How to Forge an Antifragile Mindset

mental, therapy, counseling

Wikipedia defines “Antifragility” as “a property of systems in which they increase in capability to thrive as a result of stressors, shocks, volatility, noise, mistakes, faults, attacks, or failures.”

The world is full of those things.

And so the personal and professional benefits of forging an antifragile mindset are countless — it includes not only the ability to endure pain, failure, stress, and distraction… but the ability to thrive in the midst of those things.

But how do you forge an antifragile mindset for yourself?

Here are five tips:

1. Get to Know Yourself

A big part of forging an antifragile mindset is knowing when to sit and when to stand — when to take up arms in defense of a belief or idea and when to sit down and listen. But if you don’t know who you are and what you care about, then you won’t be able to stand up when it counts and sit down when it doesn’t.

Journaling and meditation are two of the best ways to calm your mind, examine your core values, and get a better idea of what you really care about.

Ryan Dossey, real estate investor and the founder of Ballpoint Marketing and Call Porter, told me, “I journal every morning and one of my sections is on what I believe and why. If we don’t take the time to explore, question, and reinforce our beliefs… how can we expect to fight for them? I struggled with a fear of confrontation in the past and what I’ve learned is that it was actually an issue with not being fully grounded in my beliefs. Because of that, I didn’t know what was worth fighting for… and what wasn’t.”

2. Get Uncomfortable

By far the best way to forge a more resilient mindset is to intentionally put yourself in uncomfortable situations. Don’t like public speaking? Get on stage. Don’t like snakes? Hold one. Don’t like confrontation? Express your opinion more often.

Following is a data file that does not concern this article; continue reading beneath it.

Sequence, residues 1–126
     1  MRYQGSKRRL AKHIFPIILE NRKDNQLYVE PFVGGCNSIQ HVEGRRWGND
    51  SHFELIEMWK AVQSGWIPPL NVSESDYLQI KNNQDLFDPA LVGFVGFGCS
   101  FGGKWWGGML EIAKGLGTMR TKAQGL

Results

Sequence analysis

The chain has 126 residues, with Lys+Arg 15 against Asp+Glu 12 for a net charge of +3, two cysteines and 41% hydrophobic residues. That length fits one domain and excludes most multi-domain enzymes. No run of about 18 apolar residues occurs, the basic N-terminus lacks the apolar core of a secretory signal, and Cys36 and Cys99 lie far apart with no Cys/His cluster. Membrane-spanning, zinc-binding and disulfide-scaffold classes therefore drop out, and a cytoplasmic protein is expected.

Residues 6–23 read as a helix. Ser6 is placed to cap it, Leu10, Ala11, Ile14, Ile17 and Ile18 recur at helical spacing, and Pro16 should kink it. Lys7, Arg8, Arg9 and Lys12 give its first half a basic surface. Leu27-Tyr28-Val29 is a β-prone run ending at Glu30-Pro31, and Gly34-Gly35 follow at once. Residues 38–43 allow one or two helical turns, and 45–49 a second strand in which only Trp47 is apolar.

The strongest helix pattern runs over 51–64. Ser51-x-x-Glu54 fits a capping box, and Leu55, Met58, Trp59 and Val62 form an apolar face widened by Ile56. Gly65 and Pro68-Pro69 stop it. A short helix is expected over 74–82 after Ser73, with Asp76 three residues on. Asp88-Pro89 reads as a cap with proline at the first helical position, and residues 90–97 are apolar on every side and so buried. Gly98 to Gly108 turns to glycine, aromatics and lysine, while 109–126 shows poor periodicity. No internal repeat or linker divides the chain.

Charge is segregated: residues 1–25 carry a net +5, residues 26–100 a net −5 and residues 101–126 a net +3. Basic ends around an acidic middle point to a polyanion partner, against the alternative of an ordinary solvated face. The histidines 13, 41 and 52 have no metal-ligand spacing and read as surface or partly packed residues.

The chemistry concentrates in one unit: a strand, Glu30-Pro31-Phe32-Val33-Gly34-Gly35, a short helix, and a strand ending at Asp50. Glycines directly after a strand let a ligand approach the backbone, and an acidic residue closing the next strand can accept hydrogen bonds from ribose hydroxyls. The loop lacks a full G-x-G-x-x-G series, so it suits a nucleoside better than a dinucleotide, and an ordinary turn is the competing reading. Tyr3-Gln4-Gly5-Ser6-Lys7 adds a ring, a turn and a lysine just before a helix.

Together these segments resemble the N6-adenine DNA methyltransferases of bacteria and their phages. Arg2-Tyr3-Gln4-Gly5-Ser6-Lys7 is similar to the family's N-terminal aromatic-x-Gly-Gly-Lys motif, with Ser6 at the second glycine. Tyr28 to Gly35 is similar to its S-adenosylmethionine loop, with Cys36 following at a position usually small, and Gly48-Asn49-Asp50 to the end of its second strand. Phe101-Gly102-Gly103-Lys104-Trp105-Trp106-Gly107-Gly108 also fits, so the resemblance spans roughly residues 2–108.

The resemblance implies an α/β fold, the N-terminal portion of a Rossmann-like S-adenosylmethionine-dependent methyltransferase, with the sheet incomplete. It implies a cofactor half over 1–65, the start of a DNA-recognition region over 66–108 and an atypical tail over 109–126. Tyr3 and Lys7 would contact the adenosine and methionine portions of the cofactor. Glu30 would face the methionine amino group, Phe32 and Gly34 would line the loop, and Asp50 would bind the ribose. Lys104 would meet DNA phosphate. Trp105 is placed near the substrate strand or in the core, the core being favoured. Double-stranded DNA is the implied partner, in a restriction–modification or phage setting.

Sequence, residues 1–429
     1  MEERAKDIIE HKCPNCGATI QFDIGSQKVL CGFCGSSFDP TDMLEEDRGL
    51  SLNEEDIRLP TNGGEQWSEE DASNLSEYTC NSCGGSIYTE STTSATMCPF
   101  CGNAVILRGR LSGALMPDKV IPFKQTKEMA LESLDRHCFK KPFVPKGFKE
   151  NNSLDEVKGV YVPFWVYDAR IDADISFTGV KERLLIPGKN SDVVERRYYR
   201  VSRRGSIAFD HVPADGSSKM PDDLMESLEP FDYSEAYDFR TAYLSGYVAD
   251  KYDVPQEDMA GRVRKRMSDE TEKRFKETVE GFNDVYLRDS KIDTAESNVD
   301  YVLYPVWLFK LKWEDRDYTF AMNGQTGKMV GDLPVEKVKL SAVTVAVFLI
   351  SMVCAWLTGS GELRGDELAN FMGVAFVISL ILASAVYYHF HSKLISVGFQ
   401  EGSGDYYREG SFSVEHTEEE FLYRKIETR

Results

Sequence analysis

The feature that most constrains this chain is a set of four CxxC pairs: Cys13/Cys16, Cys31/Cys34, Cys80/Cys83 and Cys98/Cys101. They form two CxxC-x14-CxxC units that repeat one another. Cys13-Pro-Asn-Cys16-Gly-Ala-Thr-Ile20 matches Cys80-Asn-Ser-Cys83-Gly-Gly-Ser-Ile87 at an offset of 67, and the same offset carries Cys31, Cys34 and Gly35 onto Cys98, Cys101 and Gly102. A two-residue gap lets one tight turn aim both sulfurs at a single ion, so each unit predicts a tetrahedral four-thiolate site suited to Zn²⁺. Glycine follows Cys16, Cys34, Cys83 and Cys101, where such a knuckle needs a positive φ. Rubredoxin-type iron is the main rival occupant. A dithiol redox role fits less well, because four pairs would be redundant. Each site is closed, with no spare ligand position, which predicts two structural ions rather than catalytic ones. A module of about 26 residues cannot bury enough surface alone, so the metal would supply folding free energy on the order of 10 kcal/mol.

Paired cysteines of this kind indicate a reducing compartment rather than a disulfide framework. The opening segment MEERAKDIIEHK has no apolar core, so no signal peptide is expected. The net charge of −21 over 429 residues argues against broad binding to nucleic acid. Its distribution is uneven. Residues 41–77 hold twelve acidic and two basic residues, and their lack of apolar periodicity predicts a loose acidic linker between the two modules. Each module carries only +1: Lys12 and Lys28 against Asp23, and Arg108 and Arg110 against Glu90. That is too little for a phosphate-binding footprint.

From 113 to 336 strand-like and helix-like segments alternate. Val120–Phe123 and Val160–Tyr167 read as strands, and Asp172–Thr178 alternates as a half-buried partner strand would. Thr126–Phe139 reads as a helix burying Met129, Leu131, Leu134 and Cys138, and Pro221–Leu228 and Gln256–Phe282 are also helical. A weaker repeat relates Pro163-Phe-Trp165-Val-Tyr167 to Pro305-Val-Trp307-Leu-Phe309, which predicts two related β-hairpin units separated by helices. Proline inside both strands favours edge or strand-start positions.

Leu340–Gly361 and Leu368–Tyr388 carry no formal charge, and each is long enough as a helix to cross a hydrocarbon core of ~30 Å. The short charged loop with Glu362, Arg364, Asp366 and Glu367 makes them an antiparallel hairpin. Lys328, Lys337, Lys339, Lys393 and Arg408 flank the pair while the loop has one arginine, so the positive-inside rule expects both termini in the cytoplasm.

The more that you do something that’s uncomfortable, the less uncomfortable it’ll become (surprise, surprise).

Psychiatrists and psychologists call this exposure therapy — and it’s extremely effective. Between 60% to 90% of people have no or mild symptoms of their anxiety disorder after completing exposure therapy (according to Healthline).

Cold showers, cold plunges, and exercise are all great methods for habituating yourself to discomfort so that you’re more resilient to life’s challenges.

3. Assume the Best

You might not think of it this way, but you’re assigning meaning to anything anyone says to you.

You’re assuming.

Sometimes the communication is clear and we know the exact intent of the messenger — other times we’re way off base. In the digital world we live in (where more communication happens online than offline), our assumptions are flawed more often than we’d probably like to believe.

So why not err on the positive side of life and assume the best? Give people the benefit of the doubt? Assume most people have good intentions?

As Richelle E. Goodrich once wrote, “We are going to make assumptions; that’s what humans do. Since most assumptions are flawed, err on the positive side. Always assume the best.”

It might seem naive. But it isn’t. In fact, it’s a dignified and respectable way to live life.

4. Stick to Your Side of the Street

I’ll never forget when I spoke with a friend of mine who was going through AA and forging a more antifragile mindset of his own. As he was confronting many of the problems in his life, this became his mantra: “I’m going to stick to my side of the street.” It was his way of saying that he’d only try to control the things that he could control — first and foremost, his response to certain situations.

It’s a good question to ask yourself. When you feel you’ve been wronged, when someone says something unkind, when you want to respond with bitterness and anger… ask yourself, “Is that my side of the street?”

It most certainly is not.

Stick to your side of the street.

5. Enjoy Failure, Embrace Pain, Accept Rejection

Life is full of failure, pain, and rejection. No matter what. In fact, those things are so fundamental to life that they’re not even worth worrying about. Think about that — they’re literally just a part of life. If you want to experience being a human, then you’re going to fail. You’re going to have pain. And you’re going to get rejected.

You’re going to feel all of it.

So why worry? Embrace the pain, accept rejection, and learn from your failures. The more you do, the more resilient you’ll become.

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